The Senate Watergate Committee has been credited with reviving public confidence in congressional investigations, which had declined during the McCarthy inquiries of the 1950s. Several factors contributed to the committee’s overall success including extensive media coverage, sustained public interest, the meticulous work of investigators, the cooperation of key witnesses, and the continuing support of the full Senate. Public support for the investigation remained strong even when a series of confrontations between the Watergate Committee and the White House provoked a constitutional crisis.
Chairman Ervin requested access to the tapes, believing that they would either corroborate or repudiate testimony that the president had knowledge of, and approved efforts to cover up, the Watergate break-in. Senate Resolution 194 authorized the committee to “issue subpoenas for documents, tapes and other material to any officer of the executive branch,” and the committee subpoenaed the tapes. Nixon refused to comply, citing executive privilege and separation of powers. Senator Ervin rebutted that “the select committee is exercising the constitutional power of the Senate to conduct the investigation, and the doctrine of the separation of powers of Government requires the President to recognize this and to refrain from obstructing the committee.” Vice Chairman Howard Baker (R-TN) proposed that the committee take the president to court. On August 9, 1973, the committee took the unprecedented step of
suing the president in federal district court for access to the tapes and other documents. The court dismissed the action for lack of jurisdiction and appeals affirmed the lower court’s ruling.
In early 1974 Special Prosecutor Leon Jaworski asked the committee to postpone releasing its final report so as to not unduly influence the criminal cases he was preparing against former White House staff. The House Judiciary Committee launched an impeachment inquiry. In light of these developments, members of the Senate committee voted unanimously on February 19, 1974, to conclude public hearings and complete the committee’s remaining tasks in private sessions.
The committee submitted its final report including legislative recommendations on June 27, 1974. On July 24 the Supreme Court ruled unanimously in a separate case, United States v. Nixon, that the president must surrender the tapes to the special prosecutor. President Nixon complied and the recordings revealed that he had participated in devising a plan to cover up the White House connection to the Watergate burglary. Based on this evidence, the House Judiciary Committee adopted three articles of impeachment. Before the full House could vote, Nixon resigned on August 9, 1974.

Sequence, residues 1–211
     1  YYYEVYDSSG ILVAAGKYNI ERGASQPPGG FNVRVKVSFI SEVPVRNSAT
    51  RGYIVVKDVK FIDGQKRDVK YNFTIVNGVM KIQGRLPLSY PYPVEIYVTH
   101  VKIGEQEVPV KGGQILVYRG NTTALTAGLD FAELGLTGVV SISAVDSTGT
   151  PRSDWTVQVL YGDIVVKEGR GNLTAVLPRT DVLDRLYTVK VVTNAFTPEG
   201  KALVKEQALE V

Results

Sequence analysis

The Watergate Committee’s final report recommended legislative action in three areas: regulation of campaign activities and contributions, the establishment of a permanent special prosecutor, and the creation of a permanent congressional legal service. Some, though not all, of these recommendations became law. In 1974 Congress amended the Federal Election Campaign Act. The revisions imposed limitations on expenses and contributions, required regular reporting by election committees, and established a means for public financing of presidential nominating conventions and primary elections. Congress passed the Ethics in Government Act in 1978. The bill required financial disclosure by executive and judicial branch officials and established the Office of Government Ethics as an oversight agency. It also created mechanisms for the appointment of a special prosecutor.
In the years following the Watergate investigation Congress passed legislation aimed at strengthening the legislative branch’s oversight powers. In 1974, Congress overrode a presidential veto and revised the Freedom of Information Act, providing the public and the media with new tools to access information held by the executive branch. The 1976 Government in Sunshine Act required federal agencies to hold their meetings in public.
The Senate Watergate investigation remains one of the most significant congressional inquiries in U.S. history. Over the course of this 16 month investigation committee members maintained bipartisan accord, garnered public support, and expanded congressional investigatory powers to produce lasting legislative reform.